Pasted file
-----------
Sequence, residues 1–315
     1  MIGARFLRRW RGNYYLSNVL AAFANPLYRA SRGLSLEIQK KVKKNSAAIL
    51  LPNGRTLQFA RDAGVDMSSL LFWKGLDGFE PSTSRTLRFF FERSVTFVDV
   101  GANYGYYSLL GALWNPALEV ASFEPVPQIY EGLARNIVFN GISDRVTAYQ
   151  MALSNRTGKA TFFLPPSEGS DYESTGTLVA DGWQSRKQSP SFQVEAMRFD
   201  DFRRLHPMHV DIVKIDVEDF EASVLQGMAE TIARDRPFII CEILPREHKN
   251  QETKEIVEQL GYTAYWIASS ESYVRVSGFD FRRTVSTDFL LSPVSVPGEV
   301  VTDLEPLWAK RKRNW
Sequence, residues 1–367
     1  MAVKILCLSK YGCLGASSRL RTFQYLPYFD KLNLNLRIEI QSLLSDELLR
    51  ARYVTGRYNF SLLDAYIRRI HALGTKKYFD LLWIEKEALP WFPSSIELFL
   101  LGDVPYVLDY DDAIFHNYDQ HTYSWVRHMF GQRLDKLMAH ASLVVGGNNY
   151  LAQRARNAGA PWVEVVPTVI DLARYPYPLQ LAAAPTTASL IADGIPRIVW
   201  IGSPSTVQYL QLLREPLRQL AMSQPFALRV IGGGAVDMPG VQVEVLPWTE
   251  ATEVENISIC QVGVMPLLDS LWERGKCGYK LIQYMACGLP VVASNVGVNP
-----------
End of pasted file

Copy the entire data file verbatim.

Sequence, residues 1–315
     1  MIGARFLRRW RGNYYLSNVL AAFANPLYRA SRGLSLEIQK KVKKNSAAIL
    51  LPNGRTLQFA RDAGVDMSSL LFWKGLDGFE PSTSRTLRFF FERSVTFVDV
   101  GANYGYYSLL GALWNPALEV ASFEPVPQIY EGLARNIVFN GISDRVTAYQ
   151  MALSNRTGKA TFFLPPSEGS DYESTGTLVA DGWQSRKQSP SFQVEAMRFD
   201  DFRRLHPMHV DIVKIDVEDF EASVLQGMAE TIARDRPFII CEILPREHKN
   251  QETKEIVEQL GYTAYWIASS ESYVRVSGFD FRRTVSTDFL LSPVSVPGEV
   301  VTDLEPLWAK RKRNW
Sequence, residues 1–367
     1  MAVKILCLSK YGCLGASSRL RTFQYLPYFD KLNLNLRIEI QSLLSDELLR
    51  ARYVTGRYNF SLLDAYIRRI HALGTKKYFD LLWIEKEALP WFPSSIELFL
   101  LGDVPYVLDY DDAIFHNYDQ HTYSWVRHMF GQRLDKLMAH ASLVVGGNNY
   151  LAQRARNAGA PWVEVVPTVI DLARYPYPLQ LAAAPTTASL IADGIPRIVW
   201  IGSPSTVQYL QLLREPLRQL AMSQPFALRV IGGGAVDMPG VQVEVLPWTE
   251  ATEVENISIC QVGVMPLLDS LWERGKCGYK LIQYMACGLP VVASNVGVNP